Liberia, Beautiful Liberia

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    Liberia is located in the northwest of Costa Rica, in the province of Guanacaste, and has all the ingredients of a very popular tourist spot: a modern international airport, beautiful churches, an authentic colonial atmosphere, a rich history and a central park.

    While Liberia is primarily used as a way station to explore Guanacaste’s more touristic neighboring sites including its white sand beaches, the capital is not a bad place to enjoy a short stay.

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    The province of Guanacaste offers visitors some of the most incredible beaches in the country, jungles, volcanoes, and much more.

    More than 55,000 Costa Ricans call the town of Liberia home, and over time, the airport located very close, is it much more popular than before, carrying out prompt renovations, roads and even a great mall.

    For both residents and visitors, there is a great variety of gastronomic offer as well as services to make life much more interesting.

    History of Liberia.

    Liberia was founded as a hamlet without any legal or formal act of foundation, on September 4, 1769. It was located in a strategic place where the well-known roads of the municipalities of Rivas, Bagaces and Nicoya intersect. It was used mainly as a resting place for travelers. The gigantic trees in the area, popularly called “guanacastes” (Enterolobium cyclocarpum), provided shade for travelers and overtime and the area’s livestock, that over time came to be known as Guanacaste to said town.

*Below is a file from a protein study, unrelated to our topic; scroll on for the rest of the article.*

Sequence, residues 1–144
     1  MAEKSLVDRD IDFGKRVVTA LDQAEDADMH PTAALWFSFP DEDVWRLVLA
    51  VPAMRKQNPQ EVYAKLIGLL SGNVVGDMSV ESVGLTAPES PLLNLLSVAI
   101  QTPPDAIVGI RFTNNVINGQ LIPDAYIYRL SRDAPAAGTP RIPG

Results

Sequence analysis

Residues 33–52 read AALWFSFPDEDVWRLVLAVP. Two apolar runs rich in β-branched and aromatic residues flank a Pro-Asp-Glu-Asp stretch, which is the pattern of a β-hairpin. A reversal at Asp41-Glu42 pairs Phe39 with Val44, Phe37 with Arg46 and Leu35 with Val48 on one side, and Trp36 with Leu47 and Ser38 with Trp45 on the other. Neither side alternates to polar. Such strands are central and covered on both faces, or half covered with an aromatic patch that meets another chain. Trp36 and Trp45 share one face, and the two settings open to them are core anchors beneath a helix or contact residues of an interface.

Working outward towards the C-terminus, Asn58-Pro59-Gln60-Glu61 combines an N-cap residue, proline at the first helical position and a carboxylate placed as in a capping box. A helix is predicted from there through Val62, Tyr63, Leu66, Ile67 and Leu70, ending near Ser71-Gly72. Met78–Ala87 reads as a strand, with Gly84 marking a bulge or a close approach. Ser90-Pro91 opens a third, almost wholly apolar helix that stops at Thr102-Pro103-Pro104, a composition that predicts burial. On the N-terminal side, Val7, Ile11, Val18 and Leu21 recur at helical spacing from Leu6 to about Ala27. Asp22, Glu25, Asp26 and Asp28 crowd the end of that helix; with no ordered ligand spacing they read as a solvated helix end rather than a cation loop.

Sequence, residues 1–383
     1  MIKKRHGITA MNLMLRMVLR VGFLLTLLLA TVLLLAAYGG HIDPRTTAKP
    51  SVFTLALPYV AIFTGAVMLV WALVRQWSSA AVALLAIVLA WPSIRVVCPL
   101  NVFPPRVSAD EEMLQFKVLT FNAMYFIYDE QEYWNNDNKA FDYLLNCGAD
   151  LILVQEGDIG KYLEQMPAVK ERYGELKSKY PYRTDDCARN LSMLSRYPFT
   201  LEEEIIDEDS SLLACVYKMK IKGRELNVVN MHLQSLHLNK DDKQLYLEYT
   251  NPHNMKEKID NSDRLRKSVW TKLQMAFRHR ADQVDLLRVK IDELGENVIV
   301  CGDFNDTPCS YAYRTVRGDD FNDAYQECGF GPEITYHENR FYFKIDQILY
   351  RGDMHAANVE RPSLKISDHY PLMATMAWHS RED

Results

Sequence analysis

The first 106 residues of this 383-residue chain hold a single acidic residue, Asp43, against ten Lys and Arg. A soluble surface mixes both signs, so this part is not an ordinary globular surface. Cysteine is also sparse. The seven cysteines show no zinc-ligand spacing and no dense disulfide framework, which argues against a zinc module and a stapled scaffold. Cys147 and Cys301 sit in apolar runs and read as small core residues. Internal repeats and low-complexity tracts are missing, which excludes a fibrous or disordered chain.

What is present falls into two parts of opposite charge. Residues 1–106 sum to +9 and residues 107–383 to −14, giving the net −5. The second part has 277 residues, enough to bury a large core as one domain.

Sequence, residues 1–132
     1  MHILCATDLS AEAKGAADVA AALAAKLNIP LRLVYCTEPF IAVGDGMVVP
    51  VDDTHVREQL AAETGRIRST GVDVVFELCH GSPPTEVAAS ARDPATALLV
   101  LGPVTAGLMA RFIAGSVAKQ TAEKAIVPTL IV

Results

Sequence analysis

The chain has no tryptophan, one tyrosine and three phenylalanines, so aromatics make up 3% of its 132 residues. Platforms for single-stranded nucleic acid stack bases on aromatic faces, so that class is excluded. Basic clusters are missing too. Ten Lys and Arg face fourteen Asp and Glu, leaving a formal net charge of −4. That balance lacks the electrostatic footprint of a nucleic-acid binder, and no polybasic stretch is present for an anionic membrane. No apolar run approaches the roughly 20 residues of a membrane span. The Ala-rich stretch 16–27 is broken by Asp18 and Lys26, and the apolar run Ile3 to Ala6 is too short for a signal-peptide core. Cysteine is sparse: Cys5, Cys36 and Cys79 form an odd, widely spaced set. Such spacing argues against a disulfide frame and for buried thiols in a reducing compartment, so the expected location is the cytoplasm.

It shares a common history between Nicaragua and Costa Rica. In 1812 the Cortes of Cádiz created the provinces of Nicaragua and Costa Rica. Both countries gained their independence from Spain on September 15, 1821 with the Spanish defeat in the Mexican War of Independence.

    After the brief duration of the First Mexican Empire (1821-1823), Costa Rica (which was considered a minor provincial post at the time) became part of the newly created Federal Republic of Central America in 1823.

    The Nicoya Party served as an administrative unit for the Federal Republic of Central America. It made up most of the territory that today is the province of Guanacaste, Costa Rica. Most of the area, such as the settlements of Nicoya and Santa Cruz, celebrated economic ties to Costa Rican territory, as well as the growing port of Puntarenas. Meanwhile, the Guanacaste settlement (modern-day Liberia), held closer economic ties to Nicaraguan territories, such as the town of Rivas.

    Under the leadership of the towns of Nicoya and Santa Cruz, the Party of Nicoya voted annexing to Costa Rica on July 25, 1824.2 The people of Guanacaste chose to remain part of Nicaragua in 1824. In 1826, after years of conflict , the Congress of the Federal Republic of Central America added Guanacaste (now Liberia) to Costa Rica.

    The town of Guanacaste grew in importance and little by little surpassed the town of Nicoya as the most important settlement in the area. On July 23, 1831, the Guanacaste settlement was given the title of Villa de Guanacaste. Only a few years later on September 3, 1836 it was given the name of Ciudad de Guanacaste.

    In 1838, after the Federal Republic of Central America began to dissolve, Costa Rica formally withdrew and a sovereign state was proclaimed. On December 7, 1848. Costa Rica divided its national territory into provinces, cantons, and districts. The territory that included Nicoya, Bagaces, Santa Cruz, Guanacaste (Liberia), and Cañas became part of the newly formed province of Guanacaste.

    Resonance Costa Rica

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